• The Western Escarpment of the Guadalupes rises above the white gypsum sands of the desert floor.

    Guadalupe Mountains

    National Park Texas

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  • Williams Ranch Road Closed

    The Williams Ranch Road is currently closed due to flood damage. All trails in the park are currently open. For more information on closures call 915-828-3251.

Getting Around

The approach to Guadalupe Mountains National Park offers many scenic vantage points.

A glimpse of the Guadalupes through sandstone boulders on the desert floor has invited many a photo moment.

Photo Credit - Dustin Nelson

Although the approach to Guadalupe Mountains National Park from any direction offers a spectacular view of the towering mountain range and its vast surrounding desert, once you reach the park, there are no scenic drives through its interior. Park roads only provide access to the Pine Springs Visitor Center and Pine Springs Campground, the McKittrick Canyon Contact Station, Frijole Ranch, Williams Ranch (4X4 only), Dog Canyon, and trailheads.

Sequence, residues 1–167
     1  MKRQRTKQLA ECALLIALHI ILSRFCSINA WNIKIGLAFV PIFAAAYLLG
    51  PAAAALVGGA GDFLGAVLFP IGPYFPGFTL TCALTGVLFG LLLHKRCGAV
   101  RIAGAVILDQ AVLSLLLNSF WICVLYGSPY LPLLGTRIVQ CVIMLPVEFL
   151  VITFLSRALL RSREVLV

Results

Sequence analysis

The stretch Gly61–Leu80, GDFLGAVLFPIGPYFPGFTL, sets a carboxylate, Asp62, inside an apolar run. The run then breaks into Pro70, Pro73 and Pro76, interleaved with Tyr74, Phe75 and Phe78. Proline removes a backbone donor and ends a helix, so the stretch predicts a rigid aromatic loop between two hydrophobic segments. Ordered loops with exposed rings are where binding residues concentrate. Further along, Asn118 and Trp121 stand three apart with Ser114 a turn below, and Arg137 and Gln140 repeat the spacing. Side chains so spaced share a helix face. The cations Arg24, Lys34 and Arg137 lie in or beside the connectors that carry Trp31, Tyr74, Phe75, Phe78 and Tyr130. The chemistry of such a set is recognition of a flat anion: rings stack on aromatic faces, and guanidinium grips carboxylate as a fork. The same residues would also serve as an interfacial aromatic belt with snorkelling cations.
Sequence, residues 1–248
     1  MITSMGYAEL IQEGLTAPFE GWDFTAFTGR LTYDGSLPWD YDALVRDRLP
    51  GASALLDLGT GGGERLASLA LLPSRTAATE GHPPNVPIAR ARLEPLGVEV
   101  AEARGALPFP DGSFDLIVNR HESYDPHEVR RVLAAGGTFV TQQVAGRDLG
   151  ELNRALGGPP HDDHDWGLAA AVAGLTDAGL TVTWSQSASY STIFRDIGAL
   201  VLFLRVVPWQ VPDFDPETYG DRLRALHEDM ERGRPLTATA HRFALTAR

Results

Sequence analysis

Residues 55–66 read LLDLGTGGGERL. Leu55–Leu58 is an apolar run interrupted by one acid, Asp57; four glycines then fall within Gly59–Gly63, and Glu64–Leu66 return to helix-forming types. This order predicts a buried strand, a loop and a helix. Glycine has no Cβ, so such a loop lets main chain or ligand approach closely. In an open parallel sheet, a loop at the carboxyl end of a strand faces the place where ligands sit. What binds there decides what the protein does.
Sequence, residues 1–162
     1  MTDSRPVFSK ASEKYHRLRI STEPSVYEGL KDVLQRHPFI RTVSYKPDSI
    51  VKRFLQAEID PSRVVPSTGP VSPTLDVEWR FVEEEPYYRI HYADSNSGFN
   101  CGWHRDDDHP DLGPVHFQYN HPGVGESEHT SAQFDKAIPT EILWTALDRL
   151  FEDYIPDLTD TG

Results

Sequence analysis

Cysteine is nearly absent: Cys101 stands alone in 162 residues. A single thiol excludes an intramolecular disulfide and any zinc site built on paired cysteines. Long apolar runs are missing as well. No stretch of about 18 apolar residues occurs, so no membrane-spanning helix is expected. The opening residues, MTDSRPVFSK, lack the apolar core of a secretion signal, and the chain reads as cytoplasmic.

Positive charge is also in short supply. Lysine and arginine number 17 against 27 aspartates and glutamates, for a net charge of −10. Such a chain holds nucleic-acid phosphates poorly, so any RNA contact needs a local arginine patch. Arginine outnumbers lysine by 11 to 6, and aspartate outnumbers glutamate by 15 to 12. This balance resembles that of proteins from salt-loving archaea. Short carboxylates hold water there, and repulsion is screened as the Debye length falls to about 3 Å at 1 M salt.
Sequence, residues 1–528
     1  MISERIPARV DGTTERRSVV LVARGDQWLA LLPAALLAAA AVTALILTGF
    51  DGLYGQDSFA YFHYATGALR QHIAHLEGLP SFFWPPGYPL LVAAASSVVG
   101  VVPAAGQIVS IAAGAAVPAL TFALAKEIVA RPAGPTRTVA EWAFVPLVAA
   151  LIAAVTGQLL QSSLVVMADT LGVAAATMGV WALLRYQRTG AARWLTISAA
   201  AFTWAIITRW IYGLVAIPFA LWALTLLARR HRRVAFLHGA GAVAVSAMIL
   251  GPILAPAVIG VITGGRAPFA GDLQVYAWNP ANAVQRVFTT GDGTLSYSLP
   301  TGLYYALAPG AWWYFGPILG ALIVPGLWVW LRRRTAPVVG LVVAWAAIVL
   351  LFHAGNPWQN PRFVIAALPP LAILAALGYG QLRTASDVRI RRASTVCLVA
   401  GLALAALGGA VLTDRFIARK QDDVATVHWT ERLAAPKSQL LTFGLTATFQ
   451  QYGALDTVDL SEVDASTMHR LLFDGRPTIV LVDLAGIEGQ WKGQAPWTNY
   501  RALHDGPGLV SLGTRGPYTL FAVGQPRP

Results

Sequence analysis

Most visitors enjoy the park by hiking along one of over 80 miles of trails. There are two trails that are short, paved and easy, several that are level, but rocky (rated moderate), and many long hikes that are steep, rugged, and strenuous. Trails lead to Guadalupe Peak, the highest point in Texas, around the base of El Capitan, up into the highcountry, and into McKittrick Canyon. Self-guided nature trails are located at McKittrick Canyon (McKittrick Canyon Nature Trail), the Pine Springs Visitor Center (Pinery Trail), and at Dog Canyon (Indian Meadow Trail).

Did You Know?

Western Scrub-Jays are a common bird in the Guadalupes.

More than 300 bird species are known to frequent Guadalupe Mountains National Park; there are more than 40 species alone that nest in McKittrick Canyon. With several unique life zones and a myriad of habitats, the park is a birder's paradise.